Although some cities, less populous than Trapani, were mentioned by the Arab chroniclers, in the case of Trapani the Arab author make no mention of it, and this, according to Maurici, was presumably due to the fact that Trapani was not involved in military events of importance, and during the Arab conquest the city surrendered and paid tribute.

In reality the city, from Byzantine times, experienced a slow decline. The Arabs rebuilt it, giving it a strong economic impulse that became a reality with the construction of local markets, public baths and thermae, while, in a climate of substantial mutual tolerance, new churches and mosques were built:

"Within the city there were markets and public baths fed by thermal and mineral waters, which, according to P. Benigno ("Trapani Profana”, 1810), were discovered at the beach of San Giuliano. There were mosques and churches built by Muslims, Jews and Christians, who were all living peacefully together and supporting each other. The cost of living was low, due to the frequent maritime traffic which allowed the purchase of cheap goods" [11].

Al Idrisi (1099-1166), writing in the Norman period, described Trapani as a very affluent city:

"[...] Trapani, a very old city, is situated near the sea that surrounds it on all sides; you can not enter except across a bridge to the east. The port is on the south side; it is a quiet port, and here there are a large number of vessels wintering safe from all winds.  In this port is fished an overflowing quantity of fish and tuna. From the sea of Trapani is also taken a top-quality coral, and in front of the City Gate there is a saltern. The area is large and broad, with very fertile land, suitable for any type of seed and from which many products are made, and a great wealth. Trapani has convenient markets, and offers an abundance of the means of subsistence [...]" [12].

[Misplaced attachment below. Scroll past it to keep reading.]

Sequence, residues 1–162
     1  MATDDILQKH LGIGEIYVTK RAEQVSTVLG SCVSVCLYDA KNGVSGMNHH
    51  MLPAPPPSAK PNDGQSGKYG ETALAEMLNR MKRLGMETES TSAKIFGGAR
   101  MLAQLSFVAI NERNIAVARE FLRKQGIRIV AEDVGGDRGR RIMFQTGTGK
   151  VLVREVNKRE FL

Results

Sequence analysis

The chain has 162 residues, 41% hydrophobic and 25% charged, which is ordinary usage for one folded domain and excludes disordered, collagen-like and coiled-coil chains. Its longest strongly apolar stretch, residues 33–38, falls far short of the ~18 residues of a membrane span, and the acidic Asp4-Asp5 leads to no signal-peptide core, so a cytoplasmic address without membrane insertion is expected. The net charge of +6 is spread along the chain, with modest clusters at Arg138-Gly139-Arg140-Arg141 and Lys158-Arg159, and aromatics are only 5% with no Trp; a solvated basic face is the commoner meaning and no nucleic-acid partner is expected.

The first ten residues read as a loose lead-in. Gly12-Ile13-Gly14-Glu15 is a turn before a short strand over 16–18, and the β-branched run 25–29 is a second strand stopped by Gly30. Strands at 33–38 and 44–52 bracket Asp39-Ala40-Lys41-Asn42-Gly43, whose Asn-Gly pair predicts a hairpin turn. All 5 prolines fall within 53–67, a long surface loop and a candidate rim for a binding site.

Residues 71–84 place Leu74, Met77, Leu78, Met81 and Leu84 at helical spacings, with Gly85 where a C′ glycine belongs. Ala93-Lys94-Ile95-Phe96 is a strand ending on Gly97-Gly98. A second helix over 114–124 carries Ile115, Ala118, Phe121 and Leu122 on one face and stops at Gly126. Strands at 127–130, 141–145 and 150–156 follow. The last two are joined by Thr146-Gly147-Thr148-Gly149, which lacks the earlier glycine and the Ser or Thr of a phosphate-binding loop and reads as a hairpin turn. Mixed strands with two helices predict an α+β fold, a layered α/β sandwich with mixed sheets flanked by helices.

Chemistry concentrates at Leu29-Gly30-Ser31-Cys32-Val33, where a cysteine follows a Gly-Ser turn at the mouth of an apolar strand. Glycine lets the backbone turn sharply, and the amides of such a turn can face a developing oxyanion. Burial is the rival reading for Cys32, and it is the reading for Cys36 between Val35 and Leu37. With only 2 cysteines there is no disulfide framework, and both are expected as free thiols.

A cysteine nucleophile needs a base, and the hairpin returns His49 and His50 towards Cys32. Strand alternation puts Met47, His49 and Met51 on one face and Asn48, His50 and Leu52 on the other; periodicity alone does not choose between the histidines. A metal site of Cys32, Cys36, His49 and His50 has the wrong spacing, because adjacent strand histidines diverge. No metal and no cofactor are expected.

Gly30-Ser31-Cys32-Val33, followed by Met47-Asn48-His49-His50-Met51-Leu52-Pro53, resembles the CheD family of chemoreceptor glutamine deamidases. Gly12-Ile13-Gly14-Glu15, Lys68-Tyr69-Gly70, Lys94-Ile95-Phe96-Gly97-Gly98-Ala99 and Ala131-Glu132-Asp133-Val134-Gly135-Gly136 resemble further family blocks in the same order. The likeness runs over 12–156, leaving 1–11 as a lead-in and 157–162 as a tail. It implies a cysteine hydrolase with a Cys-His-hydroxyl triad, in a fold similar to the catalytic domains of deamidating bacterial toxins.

Entering the Middle Ages

With regard to the Middle Ages, the War of the Vespers was essential for the development of the city, especially for the fortifications - the walls were expanded and a new castle was built called the "Castello di Terra." It was built near the coast, and according to the typical forms of construction of Frederick II’s castles (with the rectangular and corner towers) [13].

Another important castle among the fortifications of Trapani was the so-called “Torre della Colombaia”, an octagonal donjon. The name of “Colombaia” is based on the doves nesting on the rocks or maybe the doves dedicated to the goddess Venus, whose temple was situated on the famous Mount Eryx [14]. The date of construction of the "Torre della Colombaia" is uncertain, but presumably dates back to the War of the Vespers [15].